This, of course, refers to the Celtic appreciation of the magical powers of music, and particular the harp as the ultimate musical instrument in the ancient tradition of sacred music in northwestern Europe. But it is THIS tale that actually enlightens us that the Harp in its turn receives at least part of its magic from the powers of the trees.
This story is much aligned with the little knowledge we have about the real-existing Celtic harps of old. The famous Brian Boru harp, dating to the Middle Ages and exhibited at the Trinity College in Dublin, has a soundbody made of willow wood and the neck and pillar made of oak wood. This is interesting because of the special qualities of the trees involved.
In all ancient cultures to which they were known, willow trees represented the powers of the Great Goddess and willows were frequently found in sacred groves dedicated to goddessses, particularly those of the moon, the night, dreams, and love. The Willow was used for clairvoyance, magic, and healing.
The Oak, on the other hand, has been associated with Mars, in all its velocity, energy and vitality. The Oak is very much a ‘yang’ tree, outgoing, emanating, ‘active’. Oak was taken to battle. While the Willow is gentle, silent, introvert, ‘yin’.
On a symbolic level, the Harp made of Oak and Willow combines the cosmic principles of male and female. The strings are held up by the strong force of the pillar (Oak) and resonate through the receiving chalice of the soundbody (Willow). From this union, a third element, the ‘child’, is born: the sound of Music.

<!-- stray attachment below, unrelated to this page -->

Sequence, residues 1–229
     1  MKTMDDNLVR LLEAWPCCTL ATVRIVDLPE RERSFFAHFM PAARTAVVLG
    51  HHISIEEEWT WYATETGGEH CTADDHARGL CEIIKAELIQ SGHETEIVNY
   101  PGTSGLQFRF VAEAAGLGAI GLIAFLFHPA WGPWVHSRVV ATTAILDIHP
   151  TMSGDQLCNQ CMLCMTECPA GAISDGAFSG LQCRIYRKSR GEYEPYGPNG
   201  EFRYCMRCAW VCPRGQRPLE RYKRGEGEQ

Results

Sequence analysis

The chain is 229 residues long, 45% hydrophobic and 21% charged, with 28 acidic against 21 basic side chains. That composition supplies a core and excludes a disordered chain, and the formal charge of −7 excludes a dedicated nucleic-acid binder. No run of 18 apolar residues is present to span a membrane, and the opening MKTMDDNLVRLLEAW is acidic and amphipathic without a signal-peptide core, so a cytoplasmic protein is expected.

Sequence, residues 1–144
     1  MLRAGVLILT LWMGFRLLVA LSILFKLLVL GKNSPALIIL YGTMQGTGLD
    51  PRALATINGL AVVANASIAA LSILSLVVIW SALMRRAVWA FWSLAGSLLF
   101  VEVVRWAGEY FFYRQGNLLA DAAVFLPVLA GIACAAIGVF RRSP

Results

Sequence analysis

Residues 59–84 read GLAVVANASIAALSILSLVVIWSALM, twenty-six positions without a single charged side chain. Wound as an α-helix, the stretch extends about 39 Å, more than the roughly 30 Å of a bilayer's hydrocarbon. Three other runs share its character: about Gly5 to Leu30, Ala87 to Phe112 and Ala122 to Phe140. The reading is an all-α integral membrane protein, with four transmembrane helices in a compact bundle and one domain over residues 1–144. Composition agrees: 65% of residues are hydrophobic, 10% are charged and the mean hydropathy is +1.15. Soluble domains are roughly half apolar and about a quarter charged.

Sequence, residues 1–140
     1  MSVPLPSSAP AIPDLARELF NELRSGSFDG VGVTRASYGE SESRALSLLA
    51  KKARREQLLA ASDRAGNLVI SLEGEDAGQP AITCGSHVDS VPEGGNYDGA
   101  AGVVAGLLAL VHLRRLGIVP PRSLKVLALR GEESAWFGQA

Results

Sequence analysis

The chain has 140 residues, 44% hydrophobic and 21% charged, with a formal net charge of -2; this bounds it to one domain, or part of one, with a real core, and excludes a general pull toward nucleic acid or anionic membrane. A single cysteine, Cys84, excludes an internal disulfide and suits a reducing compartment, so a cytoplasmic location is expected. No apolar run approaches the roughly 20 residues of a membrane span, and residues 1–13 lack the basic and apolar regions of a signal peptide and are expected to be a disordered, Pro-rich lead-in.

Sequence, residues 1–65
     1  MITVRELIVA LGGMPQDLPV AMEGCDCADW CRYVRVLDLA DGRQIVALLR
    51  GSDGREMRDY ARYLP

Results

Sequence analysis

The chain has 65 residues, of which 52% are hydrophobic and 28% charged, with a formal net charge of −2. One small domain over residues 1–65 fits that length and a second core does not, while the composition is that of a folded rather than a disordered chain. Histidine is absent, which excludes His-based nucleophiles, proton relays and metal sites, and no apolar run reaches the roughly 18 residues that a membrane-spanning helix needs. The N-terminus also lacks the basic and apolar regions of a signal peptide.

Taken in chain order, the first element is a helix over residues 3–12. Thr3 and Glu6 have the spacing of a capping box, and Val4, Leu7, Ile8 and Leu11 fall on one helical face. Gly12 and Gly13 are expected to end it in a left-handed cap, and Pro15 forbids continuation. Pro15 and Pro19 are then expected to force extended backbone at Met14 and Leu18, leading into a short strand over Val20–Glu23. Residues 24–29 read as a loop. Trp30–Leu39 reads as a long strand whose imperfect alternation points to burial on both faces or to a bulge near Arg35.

But the main message of the tale is actually about the living tree. Because we learn that trees have ears! It will make a difference to your life when you tell them something. And also, they will store this information and hold it. By revealing Maon’s petty secret the Willow actually did him a favour. It cured him of vanity and a lot of fear.
Trees are the memory archives of the biosphere, and that is a scientific fact. They receive all kinds of data in form of cosmic radiation, from within our solar system and even from far beyond. In addition, trees are sensitive to air electricity, changes in the Earth’s magnetic field, the moon cycles, solar cycles, and of course wind and weather. They store everything in their annual rings with such a precision that dendrologists have derived a climate calendar (comprising of tree ring patterns) for our planet that goes back about 7000 years!
So imagine ancient Celtic society with stories like this one going round. They make the woods not a gloomy place full of lurking criminals as in today’s media, but instead a place where you are in good care of the trees. They are alive, they listen, and they can whisper back.
©2003 Fred Hageneder
Source for story: T W Rolleston, “The Early Milesian Kings”, Celtic Myths and Legends, Senate, London 1994
Other version of this tale appears on the web at:
(“The King With Horse’s Ears”)
(p. 151, “Legends of Maon, Son of Ailill”)
In addition to being a graphic designer and visual artist, Fred Hageneder is an accomplished harper and and composer whose CD, “Spirit of Trees” features music about ten different tree species. He is also the author of two notable books about trees, The Spirit of Trees: Science, Symboisis and Inspiration and The Heritage of Trees: History Culture and Symbolism. Fred lives in the Cotswolds, West England, and is involved in an initiative to recreate sacred groves throughout Europe. To learn more about Fred and his work, please visit his website, www.spirit-of-trees.net.